This winter they returned to the Bahamas by reversing the route: Lake Worth, Lucaya, Berries then Nassau. They stayed there for a while entertaining visitors then visited the northern Exumas for a few weeks, back to Nassau, and at present are making their way slowly back through the Abacos towards Florida.

Some observations on doing this trip in an A-37: The boat is very comfortable for two to live aboard but becomes very small when company arrives. The six feet of draft is not the problem they anticipated it might be in the Bahamas as the water is so clear and sailing by colours (of the water) is easy. They had far more trouble in the murky ICW with draft.

Changes they are glad that they made: Keep in mind their boat is a Mark I #66 (last one made they believe?) and certain changes may not apply to other boats.

- Brought all running rigging back to the cockpit - no more going on deck at night to reef. This includes slab reefing lines for 1st and 2nd reefs.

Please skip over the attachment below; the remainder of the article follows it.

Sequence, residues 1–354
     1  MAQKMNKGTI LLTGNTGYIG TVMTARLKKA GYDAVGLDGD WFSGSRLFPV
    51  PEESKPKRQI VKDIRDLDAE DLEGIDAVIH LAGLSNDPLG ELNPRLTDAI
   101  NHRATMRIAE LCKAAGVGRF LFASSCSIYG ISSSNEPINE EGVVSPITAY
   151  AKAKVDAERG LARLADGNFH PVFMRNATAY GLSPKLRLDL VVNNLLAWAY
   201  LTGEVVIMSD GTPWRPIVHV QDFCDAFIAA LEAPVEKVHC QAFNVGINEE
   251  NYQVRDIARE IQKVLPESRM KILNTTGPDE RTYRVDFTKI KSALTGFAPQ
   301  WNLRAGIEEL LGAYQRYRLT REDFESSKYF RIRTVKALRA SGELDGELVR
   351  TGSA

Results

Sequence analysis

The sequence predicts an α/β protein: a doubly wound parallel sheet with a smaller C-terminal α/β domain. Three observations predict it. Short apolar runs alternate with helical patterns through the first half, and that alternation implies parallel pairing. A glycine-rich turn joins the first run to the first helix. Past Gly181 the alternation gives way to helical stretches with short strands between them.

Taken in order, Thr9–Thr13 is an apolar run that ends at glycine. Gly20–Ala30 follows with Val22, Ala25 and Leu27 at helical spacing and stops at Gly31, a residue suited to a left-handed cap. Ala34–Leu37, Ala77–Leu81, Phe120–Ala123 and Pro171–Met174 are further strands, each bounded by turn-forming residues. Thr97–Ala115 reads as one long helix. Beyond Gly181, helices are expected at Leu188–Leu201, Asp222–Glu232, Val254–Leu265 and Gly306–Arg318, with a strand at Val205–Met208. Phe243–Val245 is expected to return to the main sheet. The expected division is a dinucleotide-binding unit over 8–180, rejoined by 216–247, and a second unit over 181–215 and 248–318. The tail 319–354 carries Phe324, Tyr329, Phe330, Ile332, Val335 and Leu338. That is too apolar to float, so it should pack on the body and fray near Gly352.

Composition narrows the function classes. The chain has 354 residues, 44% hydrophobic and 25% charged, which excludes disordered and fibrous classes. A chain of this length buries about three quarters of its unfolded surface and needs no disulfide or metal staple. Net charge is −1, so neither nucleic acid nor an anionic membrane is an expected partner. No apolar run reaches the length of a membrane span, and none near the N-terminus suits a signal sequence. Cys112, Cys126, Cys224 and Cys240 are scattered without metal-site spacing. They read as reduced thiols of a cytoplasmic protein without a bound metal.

- Had the #2 gib modified for use with Harken furling system and made a pennant which sets it high enough for them to see below it. Their largest sails are at home and would have been too large for the average conditions down here. 90% of the time they "sail" only on the gib.

- Repowered the boat with a Yanmar 3GM30F (two years now without missing a beat). It's amazing how much motoring they have to do and a reliable engine is a must! The installation also includes a 110 amp alternator, four golf-cart batteries, Link 2000R monitor/control system and a 1000 watt inverter.

- Replaced the original stern pulpit with a larger one which has two bars and extends forward (and replaced) the aft-most stanchion. They then installed this "spare" stanchion in the long gap near the shrouds.

- Installed tower (part of stern pulpit) which supports their wind generator and a crane to lift the dinghy motor (15 hp) onto stern bracket.

Inside:

- Removed the aft-facing nav-station (no quarter berth) and extended the galley into this area.

- Replaced the pilot berth with cupboards - there's never enough storage space!